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 Table of Contents 
Year : 2001  |  Volume : 8  |  Issue : 3  |  Page : 73-78  

Knowledge and attitude towards screening mammography among 400 women in the eastern province of Saudi Arabia

College of Medicine, King Faisal University, Dammam, Saudi Arabia

Date of Web Publication30-Jul-2012

Correspondence Address:
Fatma A Al-Mulhim
Department of Radiology, King Fahd Hospital of the University, P.O. Box 40044, Al-Khobar 31952
Saudi Arabia
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Source of Support: None, Conflict of Interest: None

PMID: 23008654

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Objective: Assess knowledge and attitude of Saudi females towards screening mammography.
Material and Methods: A sample of four hundred Saudi females were interviewed using a structured questionnaire.
Results: Positive family history of breast cancer was the most significant factor that was positively associated with individual knowledge and attitude towards screening mammography (p<0.00001). There was no significant association with the level of education. Poor knowledge and attitude were observed among 41.8% of all participants, especially in relation to not having mammography done or not wishing to have it done. There were 51 (12.8%) participants who had not had mam­mography done, but wished to have it, 25 (6.3%) participants who were undecided about having mammography done in the future, while 67 (16.8%) wished to have it done every one to two years.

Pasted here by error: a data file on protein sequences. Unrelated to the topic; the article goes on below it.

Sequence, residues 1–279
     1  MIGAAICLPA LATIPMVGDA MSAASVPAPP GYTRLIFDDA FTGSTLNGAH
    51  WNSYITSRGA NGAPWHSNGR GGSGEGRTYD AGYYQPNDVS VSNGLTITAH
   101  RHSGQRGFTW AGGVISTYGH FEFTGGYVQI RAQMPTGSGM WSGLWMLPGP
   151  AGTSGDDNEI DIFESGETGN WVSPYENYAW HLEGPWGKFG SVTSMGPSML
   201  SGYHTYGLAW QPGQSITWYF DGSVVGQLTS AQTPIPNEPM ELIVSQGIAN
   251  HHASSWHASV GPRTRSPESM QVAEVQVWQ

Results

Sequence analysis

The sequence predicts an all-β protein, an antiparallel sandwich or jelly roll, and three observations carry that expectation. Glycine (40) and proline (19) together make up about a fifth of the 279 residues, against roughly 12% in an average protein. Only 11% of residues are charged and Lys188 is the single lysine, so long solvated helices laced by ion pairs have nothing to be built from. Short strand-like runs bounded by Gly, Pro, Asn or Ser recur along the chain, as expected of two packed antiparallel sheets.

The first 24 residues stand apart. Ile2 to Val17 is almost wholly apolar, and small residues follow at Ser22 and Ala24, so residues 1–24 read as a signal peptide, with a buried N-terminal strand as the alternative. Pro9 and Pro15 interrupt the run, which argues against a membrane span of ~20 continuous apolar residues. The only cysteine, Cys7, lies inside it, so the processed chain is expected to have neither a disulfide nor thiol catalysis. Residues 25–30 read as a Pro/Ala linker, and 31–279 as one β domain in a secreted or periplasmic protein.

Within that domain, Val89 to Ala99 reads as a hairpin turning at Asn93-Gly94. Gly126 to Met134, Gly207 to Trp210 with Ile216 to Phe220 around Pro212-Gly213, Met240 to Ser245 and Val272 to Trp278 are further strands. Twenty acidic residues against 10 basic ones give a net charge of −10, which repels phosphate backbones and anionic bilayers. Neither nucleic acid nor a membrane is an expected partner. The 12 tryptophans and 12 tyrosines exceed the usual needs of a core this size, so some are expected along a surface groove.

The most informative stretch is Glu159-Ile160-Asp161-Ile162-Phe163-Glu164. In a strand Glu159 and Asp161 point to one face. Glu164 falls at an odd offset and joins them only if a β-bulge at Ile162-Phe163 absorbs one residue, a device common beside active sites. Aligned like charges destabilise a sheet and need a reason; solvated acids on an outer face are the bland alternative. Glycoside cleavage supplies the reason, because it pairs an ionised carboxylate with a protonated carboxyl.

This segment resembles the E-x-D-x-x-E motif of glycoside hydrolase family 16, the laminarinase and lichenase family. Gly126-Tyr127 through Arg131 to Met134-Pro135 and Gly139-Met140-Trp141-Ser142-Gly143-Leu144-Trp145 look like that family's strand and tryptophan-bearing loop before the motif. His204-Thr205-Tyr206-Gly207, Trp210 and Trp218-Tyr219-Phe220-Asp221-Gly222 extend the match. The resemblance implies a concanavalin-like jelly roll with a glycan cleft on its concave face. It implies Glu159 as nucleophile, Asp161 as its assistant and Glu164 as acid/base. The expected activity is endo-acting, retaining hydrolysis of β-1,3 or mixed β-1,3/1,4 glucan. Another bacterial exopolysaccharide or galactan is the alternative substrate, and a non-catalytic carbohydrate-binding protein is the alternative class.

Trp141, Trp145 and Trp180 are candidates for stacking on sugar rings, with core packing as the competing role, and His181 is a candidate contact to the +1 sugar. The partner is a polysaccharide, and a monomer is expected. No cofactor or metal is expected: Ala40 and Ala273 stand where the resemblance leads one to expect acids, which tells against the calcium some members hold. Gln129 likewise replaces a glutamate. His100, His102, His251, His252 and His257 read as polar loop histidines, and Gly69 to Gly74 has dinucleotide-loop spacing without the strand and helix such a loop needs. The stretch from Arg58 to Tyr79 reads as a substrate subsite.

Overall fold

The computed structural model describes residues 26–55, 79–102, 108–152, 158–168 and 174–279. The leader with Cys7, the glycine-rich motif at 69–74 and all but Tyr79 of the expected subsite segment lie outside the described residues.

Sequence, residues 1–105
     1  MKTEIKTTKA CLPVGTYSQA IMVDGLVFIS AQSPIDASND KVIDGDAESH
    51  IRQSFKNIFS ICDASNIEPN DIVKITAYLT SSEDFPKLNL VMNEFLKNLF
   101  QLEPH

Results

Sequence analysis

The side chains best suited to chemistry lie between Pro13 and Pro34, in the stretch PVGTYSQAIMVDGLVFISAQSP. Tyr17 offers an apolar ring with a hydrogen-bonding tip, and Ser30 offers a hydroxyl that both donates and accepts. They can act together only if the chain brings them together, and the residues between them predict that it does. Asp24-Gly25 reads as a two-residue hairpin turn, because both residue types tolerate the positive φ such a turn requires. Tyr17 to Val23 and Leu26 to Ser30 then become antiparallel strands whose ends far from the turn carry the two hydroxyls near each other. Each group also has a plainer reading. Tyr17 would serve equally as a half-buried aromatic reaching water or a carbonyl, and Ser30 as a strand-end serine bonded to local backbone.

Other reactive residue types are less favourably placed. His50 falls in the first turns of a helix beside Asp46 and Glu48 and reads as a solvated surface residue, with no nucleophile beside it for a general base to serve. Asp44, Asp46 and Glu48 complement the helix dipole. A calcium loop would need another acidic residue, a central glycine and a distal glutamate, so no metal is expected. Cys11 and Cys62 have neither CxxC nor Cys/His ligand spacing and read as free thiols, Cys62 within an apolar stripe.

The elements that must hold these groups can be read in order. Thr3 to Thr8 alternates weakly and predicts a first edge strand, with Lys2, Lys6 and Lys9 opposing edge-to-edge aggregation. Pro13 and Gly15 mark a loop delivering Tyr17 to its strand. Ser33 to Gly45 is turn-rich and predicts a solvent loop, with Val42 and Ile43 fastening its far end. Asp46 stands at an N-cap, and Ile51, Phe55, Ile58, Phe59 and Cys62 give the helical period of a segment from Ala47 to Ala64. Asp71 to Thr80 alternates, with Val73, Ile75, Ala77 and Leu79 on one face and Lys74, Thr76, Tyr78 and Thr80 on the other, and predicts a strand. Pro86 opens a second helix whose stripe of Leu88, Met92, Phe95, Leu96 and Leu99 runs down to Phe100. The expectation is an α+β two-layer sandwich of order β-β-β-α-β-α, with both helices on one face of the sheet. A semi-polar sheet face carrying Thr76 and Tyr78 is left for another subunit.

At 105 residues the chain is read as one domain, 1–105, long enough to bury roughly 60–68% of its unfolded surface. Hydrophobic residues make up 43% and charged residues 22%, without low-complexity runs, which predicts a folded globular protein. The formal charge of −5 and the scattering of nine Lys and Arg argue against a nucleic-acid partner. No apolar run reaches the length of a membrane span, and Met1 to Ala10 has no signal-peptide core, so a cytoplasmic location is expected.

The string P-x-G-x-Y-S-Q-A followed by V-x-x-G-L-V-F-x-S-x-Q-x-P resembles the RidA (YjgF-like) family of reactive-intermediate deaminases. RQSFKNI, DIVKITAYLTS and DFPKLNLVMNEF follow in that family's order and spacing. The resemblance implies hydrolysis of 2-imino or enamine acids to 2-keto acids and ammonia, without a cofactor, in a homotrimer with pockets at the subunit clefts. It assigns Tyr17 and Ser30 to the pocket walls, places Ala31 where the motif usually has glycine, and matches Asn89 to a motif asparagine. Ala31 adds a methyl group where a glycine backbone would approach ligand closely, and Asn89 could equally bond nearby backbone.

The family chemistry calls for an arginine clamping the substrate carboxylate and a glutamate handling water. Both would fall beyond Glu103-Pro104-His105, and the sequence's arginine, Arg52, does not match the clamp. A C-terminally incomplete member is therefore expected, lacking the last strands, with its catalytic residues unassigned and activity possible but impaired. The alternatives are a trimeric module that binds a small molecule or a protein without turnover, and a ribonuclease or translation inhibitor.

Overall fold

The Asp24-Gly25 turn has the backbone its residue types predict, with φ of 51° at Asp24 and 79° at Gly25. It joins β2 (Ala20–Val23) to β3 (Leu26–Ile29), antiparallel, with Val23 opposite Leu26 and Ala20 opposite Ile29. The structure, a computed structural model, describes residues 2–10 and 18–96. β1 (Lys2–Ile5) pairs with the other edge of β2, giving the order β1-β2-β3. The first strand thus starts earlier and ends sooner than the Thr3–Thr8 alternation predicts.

Conclusion: This study showed that there has been deficient knowledge and attitude towards screening mammography even among the highly educated, and stressed the need for health education on the importance of screening.

Keywords: Screening, mammography, breast cancer, Saudi Arabia.

How to cite this article:
Al-Mulhim FA. Knowledge and attitude towards screening mammography among 400 women in the eastern province of Saudi Arabia. J Fam Community Med 2001;8:73-8

How to cite this URL:
Al-Mulhim FA. Knowledge and attitude towards screening mammography among 400 women in the eastern province of Saudi Arabia. J Fam Community Med [serial online] 2001 [cited 2021 Dec 4];8:73-8. Available from:

   Introduction Top

Screening mammography (SM) is an impor­tant tool for detecting early breast cancer. SM refers to x-ray examination of the breast for women who are asymptomatic, that is, have no apparent breast problems. [1] Esti­mates of SM sensitivity range from 75 to 90%, with specificity ranging from 90 to 95%. [2]